Best New Restaurants 2023 // No. 1 Wright's Tavern
Owner Matt McGuire and executive chef Cary McDowell’s initial motivation for Wright’s Tavern was to create a restaurant that served the kind of food they wanted to eat. McGuire and McDowell built themselves a place to enjoy a great steak and a Caesar salad, but more importantly, their Clayton steakhouse also tapped into a communal longing: for delicious food and drinks, genuine hospitality, and the unbridled enjoyment that a really lovely restaurant can deliver.
McGuire believes Wright’s Tavern has proved itself a perfect fit for this moment in time. “For this time, for that neighborhood, for that space,” he said. “You never know until you do it, but I think it's hit all of those things for sure.” Wright’s promises – and delivers – consistency, certainty and comfort in an era lacking those qualities.
McGuire never reads the reviews of Wright’s, positive or negative, but he can take a guess at what irks its critics. “The negative reviews are probably that it lacks exoticism: It's a French dip roast beef sandwich, a hamburger, steak frites, halibut, salmon, whatever,” he said. “Those criticisms, if you can consider them to be criticisms, are true. But I celebrate the straightforwardness of it. It personally makes me feel very at ease when I'm there.”
People dress up to go to Wright’s, and the servers are sharply attired, but it’s never stuffy: You’re here to feel good, not to feel judged or observed. You’re never far from other diners, and conversation between tables comes easily. This isn’t everyone’s style, and that’s fine, but we love a restaurant where a civilized meal feels like it could imminently spill over into a rambunctious party.
Wright’s is driven by the conviction that the simple food is the best; its ambition is to cook the best version of that food you’ve ever had. The greatest hits collection at Wright’s already includes the shrimp scampi with its addictive garlic-and-chile sauce, the wedge salad with blue cheese and smoked bacon, the perfectly flaky potato-crusted halibut with lemon beurre blanc, and the salt and cream of the heady dauphinoise potatoes. McGuire said the simplicity and familiarity of these dishes creates its own challenges. “You can't hide behind anything with some notions of novelty,” he said.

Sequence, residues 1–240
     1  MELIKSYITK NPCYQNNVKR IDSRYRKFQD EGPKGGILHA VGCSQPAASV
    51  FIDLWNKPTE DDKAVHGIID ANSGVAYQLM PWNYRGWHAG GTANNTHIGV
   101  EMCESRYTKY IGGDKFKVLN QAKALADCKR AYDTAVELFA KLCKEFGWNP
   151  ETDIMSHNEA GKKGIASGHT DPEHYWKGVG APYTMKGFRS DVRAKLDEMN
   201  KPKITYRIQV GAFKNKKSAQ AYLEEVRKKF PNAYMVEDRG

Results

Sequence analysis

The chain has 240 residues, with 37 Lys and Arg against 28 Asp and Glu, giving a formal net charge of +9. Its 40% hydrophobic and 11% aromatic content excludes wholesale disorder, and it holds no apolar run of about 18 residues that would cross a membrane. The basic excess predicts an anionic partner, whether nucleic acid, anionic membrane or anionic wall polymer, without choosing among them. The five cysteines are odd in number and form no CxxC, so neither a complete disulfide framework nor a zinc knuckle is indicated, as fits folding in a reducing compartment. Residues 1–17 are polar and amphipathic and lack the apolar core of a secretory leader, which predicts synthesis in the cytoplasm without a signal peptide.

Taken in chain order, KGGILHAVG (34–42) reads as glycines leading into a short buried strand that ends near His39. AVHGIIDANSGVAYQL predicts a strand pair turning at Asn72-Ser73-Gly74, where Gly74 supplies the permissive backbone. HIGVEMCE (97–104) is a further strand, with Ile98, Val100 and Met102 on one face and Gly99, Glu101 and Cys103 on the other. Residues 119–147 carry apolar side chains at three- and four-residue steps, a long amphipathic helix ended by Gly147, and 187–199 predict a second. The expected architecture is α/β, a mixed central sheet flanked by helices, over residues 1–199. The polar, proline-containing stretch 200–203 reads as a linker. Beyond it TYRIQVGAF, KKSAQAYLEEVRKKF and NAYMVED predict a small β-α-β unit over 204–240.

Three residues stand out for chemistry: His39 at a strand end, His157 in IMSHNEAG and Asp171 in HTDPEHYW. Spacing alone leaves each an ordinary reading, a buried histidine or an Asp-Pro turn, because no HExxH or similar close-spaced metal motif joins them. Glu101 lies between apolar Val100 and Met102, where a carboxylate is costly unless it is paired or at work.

Sourcing and execution make all the difference here. Take Wright’s baked crab cake for example, which features colossal lump crab from Fortune Fish & Gourmet in Chicago. “Colossal is just basically the largest pieces of blue crab that you can get,” McGuire said. “There’s not any filler in there.” The crab cake is seasoned with salt and pepper, has just enough egg and dairy for binding, and is plated atop a delicious red pepper remoulade. It’s one of the very best dishes we’ve had this year, and no visit to Wright’s is complete without it.
McDowell has worked in the kitchens of some genuinely top-tier restaurants in New York City; he knows and respects the value of creative, innovative cooking. But at Wright’s, he embraces the pursuit of metronomic consistency and excellence. “I enjoy the discipline and the challenge of staying excited about what are seemingly simple things,” he said.